We know that there were many people and different groups that bore witness and made contributions in the making of the United States besides American Baptists. And without this panorama of saints, we may not have the freedoms that we share today. But as Baptists and particularly American Baptists, we need to be more American Baptist today than ever before.

American Baptists affirm the four Baptist freedoms[i] that shape our distinctiveness:

  1. Bible Freedom recognizes that the Bible is the primary text to guide our lives in faithful discipleship without the need for any creeds or confessions.
  2. Soul Freedom, also known as the Priesthood of All Believers, recognizes that everyone has the capacity to lead and serve since all are created in God’s own image.
  3. Church Freedom recognizes the autonomy of the local church to make decisions on their own and to associate with others to promote ministry and missions.
  4. Religious Freedom, also known as the Separation of Church and State, recognizes that since Baptists have the right to freely practice their faith, therefore others also should be able to practice their faith without infringement from the government or any other religious groups.
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When American Baptists find ourselves in any community and have the understanding of our heritage, convictions, and leanings, we contribute to the conversation and discussion in constructing a viable neighborhood. We, like others hailing from their particular backgrounds and perspectives, add to making decisions supported by all groups. If it weren’t for our sectarian distinctives, there wouldn’t be a need for ecumenism. The ways we practice our faith should not separate us but rather for the sake of the commonwealth, we share openly our points of view with the faith that the Spirit will lead us to the Creator’s overall plan for everyone.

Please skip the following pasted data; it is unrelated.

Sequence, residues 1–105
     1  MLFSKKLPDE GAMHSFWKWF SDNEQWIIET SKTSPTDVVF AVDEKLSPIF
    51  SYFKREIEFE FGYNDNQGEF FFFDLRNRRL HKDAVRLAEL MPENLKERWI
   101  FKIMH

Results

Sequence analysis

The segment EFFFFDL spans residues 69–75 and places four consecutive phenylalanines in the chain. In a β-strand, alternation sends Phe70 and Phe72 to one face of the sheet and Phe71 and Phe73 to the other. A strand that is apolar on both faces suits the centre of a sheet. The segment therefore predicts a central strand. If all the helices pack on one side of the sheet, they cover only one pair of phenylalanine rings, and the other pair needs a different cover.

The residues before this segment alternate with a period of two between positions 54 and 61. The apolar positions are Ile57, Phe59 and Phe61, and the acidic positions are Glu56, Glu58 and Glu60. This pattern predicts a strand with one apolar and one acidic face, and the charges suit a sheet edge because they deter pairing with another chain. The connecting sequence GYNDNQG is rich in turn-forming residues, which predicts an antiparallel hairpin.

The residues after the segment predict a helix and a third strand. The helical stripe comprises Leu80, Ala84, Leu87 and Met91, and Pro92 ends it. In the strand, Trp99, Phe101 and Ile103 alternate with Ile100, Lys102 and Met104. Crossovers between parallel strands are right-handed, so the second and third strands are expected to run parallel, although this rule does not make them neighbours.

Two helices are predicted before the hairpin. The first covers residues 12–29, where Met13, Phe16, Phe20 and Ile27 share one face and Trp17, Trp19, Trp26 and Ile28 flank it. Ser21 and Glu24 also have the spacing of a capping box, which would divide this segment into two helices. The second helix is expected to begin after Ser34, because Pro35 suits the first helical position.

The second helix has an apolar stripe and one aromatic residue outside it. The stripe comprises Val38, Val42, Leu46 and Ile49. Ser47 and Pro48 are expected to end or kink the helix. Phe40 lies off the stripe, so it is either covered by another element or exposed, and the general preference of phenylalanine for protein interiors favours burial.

It’s possible that my fear of being erased of my identity as an Asian American leads me to also advocate for the importance of continuing the particular contributions that American Baptists share, along with all religious groups offering to one another in creating a rich and life-giving American landscape of religious pluralism.

Amid today’s political polarities and culture wars, American Baptists have significant contributions to make to American society, particularly in the recognition of women in ordained ministry and the rightful place for all religions to provide spiritual life and practice to all Americans and residents from all corners of the world.

The religious landscape in America is rapidly becoming more tolerant and inclusive of many different religious traditions outside of Christianity. And that it should be, especially standing on our historic Baptist freedoms. But while the world is becoming more secular and maybe more neutral, it is also important that all religious groups, including American Baptists, become more familiar with our own history and beliefs in order to have a more vigorous and informative dialogue with our sisters and brothers. What is your Baptist voice to add to the many voices in a world in Pentecost? I pray in God’s time that we may all be one.

Today, I remain an American Baptist.


Rev. Donald Ng was president, American Baptist Churches, USA, 2014-15, the first Asian American to serve in this elected position. For 17 years, he was senior pastor of the historic First Chinese Baptist Church in San Francisco. He retired from full-time ministry in 2015.

The views expressed are those of the author and not necessarily those of American Baptist Home Mission Societies.

[i] Shurden, Walter B. The Baptist Identity: Four Fragile Freedoms. Macon, GA: Smyth & Helwys, 1993.